“The singular feature of education reform in the 21st century . . .”

by David Safier

This is one of the best lines about the "educational reform movement," Bush era and beyond, I have read:

The singular feature of education reform in the 21st century is a willing suspension of disbelief.

It's from a blog post by Diane Ravitch. She's talking about the "Texas miracle" which should have been called the "Texas Smoke and Mirrors." No Child Left Behind and the whole testing obsession are the byproduct of the "spectacular results" of educational reform in Texas — results that never happened. The books were cooked, big time.

How successful was the "Texas Miracle"? According to Laura Bush, not very, though she doesn't put it that way. From Ravitch:

Just recently, former first lady Barbara Bush wrote an opinion article in the Houston Chronicle, arguing against budget cuts to education in Texas. She wrote: "We rank 36th in the nation in high school graduation rates. … We rank 49th in verbal SAT scores, 47th in literacy, and 46th in average math SAT scores."

Surprise! We were duped into believing there was an answer out there, and it was Texas. So the whole country was turned into Texas during the Bush years, and in more ways than just education.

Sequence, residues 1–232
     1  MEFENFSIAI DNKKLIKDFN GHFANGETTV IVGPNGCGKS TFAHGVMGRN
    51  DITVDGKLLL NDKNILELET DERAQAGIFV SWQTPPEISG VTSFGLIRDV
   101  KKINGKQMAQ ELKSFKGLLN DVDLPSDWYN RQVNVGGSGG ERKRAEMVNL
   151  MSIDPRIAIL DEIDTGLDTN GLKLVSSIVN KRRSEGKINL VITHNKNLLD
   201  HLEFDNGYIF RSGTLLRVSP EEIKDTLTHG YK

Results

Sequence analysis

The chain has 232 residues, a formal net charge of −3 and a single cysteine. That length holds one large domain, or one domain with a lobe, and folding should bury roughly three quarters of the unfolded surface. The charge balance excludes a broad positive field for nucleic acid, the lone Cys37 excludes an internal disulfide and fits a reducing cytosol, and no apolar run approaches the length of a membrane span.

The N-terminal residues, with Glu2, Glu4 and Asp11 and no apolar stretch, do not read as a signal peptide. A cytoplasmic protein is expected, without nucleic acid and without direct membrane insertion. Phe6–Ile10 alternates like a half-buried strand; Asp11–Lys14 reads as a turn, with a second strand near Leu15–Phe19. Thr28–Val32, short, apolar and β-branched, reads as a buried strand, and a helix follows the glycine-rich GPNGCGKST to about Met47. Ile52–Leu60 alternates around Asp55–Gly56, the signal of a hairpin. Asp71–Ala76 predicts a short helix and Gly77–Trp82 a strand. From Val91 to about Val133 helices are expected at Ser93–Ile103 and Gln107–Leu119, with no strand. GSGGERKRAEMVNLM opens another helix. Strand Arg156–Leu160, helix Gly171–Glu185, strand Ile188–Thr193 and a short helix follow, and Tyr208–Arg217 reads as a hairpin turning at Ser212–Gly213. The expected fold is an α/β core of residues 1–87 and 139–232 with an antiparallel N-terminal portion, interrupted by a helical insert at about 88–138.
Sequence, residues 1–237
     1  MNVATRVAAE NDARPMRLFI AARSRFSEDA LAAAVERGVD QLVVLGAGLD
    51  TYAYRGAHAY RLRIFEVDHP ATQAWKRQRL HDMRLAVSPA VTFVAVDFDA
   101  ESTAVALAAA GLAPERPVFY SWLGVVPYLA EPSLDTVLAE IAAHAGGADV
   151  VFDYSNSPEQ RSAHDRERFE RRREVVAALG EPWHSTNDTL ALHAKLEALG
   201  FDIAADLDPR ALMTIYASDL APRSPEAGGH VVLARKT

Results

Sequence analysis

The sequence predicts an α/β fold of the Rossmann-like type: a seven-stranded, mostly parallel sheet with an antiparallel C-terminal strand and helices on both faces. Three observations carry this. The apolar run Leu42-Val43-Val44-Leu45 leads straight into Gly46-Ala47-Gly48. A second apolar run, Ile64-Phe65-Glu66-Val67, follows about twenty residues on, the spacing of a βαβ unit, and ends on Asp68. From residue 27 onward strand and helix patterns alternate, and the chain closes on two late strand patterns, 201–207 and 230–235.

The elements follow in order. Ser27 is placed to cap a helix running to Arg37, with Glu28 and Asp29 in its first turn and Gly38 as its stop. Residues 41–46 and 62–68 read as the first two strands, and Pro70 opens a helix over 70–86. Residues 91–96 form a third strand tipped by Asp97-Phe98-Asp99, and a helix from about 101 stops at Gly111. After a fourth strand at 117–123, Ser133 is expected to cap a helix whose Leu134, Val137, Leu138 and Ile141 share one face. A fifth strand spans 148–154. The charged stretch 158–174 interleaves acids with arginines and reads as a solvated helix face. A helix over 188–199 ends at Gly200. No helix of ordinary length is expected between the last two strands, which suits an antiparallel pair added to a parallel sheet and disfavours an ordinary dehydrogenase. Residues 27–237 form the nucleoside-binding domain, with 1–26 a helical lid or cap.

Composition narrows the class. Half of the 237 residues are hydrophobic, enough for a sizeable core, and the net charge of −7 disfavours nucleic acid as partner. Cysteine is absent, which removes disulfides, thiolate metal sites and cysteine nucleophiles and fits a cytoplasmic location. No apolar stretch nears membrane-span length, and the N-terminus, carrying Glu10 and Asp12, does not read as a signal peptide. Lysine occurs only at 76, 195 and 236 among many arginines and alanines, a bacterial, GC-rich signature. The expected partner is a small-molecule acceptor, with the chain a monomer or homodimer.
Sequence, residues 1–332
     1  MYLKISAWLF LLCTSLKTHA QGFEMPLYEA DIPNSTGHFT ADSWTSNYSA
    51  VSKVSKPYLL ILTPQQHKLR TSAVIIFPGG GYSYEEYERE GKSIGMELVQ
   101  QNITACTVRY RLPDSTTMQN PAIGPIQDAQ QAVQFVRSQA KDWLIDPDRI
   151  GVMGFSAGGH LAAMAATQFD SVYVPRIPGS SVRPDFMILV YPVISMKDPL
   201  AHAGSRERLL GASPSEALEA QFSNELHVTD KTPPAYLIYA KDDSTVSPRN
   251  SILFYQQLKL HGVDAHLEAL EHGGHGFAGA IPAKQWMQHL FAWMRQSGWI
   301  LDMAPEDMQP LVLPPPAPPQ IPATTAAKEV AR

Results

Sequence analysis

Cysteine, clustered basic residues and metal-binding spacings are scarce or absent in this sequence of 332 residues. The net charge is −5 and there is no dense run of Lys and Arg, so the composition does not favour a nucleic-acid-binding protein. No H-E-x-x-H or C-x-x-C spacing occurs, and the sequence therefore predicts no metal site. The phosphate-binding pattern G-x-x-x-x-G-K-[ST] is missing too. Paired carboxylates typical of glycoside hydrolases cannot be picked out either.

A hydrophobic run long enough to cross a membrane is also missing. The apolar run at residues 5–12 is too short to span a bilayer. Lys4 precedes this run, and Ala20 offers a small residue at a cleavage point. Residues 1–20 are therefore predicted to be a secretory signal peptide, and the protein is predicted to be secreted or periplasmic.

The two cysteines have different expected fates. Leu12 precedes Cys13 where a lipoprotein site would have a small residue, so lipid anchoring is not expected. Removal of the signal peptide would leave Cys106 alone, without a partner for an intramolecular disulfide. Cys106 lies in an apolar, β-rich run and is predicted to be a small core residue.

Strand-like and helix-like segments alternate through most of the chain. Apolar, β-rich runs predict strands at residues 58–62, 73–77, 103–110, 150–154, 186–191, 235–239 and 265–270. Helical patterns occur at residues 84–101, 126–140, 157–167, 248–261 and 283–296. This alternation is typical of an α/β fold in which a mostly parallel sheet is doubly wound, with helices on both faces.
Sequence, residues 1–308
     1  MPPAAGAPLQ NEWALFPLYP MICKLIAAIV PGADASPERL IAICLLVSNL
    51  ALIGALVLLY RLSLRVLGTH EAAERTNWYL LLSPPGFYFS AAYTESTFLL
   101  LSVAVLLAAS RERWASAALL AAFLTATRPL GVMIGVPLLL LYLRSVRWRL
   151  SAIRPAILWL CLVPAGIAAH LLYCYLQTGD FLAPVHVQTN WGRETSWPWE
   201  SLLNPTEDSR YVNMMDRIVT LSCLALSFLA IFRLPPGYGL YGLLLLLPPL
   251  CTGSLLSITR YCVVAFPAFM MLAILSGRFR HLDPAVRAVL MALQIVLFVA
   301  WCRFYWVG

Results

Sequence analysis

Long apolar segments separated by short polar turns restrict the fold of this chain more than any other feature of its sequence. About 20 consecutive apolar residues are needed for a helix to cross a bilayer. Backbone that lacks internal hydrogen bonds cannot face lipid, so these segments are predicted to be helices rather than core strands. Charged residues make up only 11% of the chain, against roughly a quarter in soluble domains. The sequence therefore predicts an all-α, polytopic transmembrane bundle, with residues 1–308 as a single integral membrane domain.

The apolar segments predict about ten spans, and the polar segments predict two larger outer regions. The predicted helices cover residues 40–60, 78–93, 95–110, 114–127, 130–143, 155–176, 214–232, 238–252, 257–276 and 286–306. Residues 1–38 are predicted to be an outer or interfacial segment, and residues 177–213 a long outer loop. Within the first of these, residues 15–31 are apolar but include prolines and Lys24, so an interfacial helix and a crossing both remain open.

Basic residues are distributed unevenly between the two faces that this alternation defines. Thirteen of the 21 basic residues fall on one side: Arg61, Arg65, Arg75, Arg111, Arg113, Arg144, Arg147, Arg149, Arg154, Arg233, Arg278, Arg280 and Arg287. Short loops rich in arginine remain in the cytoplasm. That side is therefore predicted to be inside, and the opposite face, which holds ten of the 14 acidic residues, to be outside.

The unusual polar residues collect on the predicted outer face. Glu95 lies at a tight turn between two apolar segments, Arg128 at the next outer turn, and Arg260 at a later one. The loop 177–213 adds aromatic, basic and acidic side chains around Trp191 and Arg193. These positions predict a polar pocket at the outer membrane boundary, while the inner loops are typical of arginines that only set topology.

In Arizona, the current duping is about the "Florida Miracle" which doesn't exist in the way it has been presented to us. Our legislature has adopted bits and pieces of what Florida has done over the past decade, and probably the least valuable bits and pieces.We haven't raised education spending, as Florida did, and we haven't created an intensive reading tutoring program for 1st through 3rd graders either.

But as Diane Ravitch wrote:

The singular feature of education reform in the 21st century is a willing suspension of disbelief.

A STATISTICAL NOTE: Barbara Bush's use of SAT scores to show how poorly Texas students are doing is completely bogus, since SATs are voluntary, and a state's average score is based more on the number of students who take the test than on the overall achievement of the state's students. So I put no stock in Bush's stats. I give far more credence to Ravitch, who says the NAEP scores of Texas' 8th graders haven't budged since 1998. If there had been a "miracle," those numbers should have shot up relative to the rest of the country.

0 responses to ““The singular feature of education reform in the 21st century . . .”

  1. David;

    Here’s an interesting twist on SAT’s and ACT’s. It used to be true, and may still be true, that there was a negative correlation between SAT score and distance from a coast. It also was true that there was a positive correlation between ACT scores and distance from a coast.

    It also was true, and almost surely still is true, that there was a negative correlation between the percentage of a high school senior class taking either the SAT or ACT. The more kids who take the exam the lower the average score.

    These two phenomena can be explained by remembering that the outfit that produces the ACT is headquartered in Des Moines, Iowa and has a big mid-western following while the SAT comes out of Princeton, New Jersey and is popular on the east coast and the Ivy League wannabes on the west coast.

    All just goes to show how tricky using test scores can be.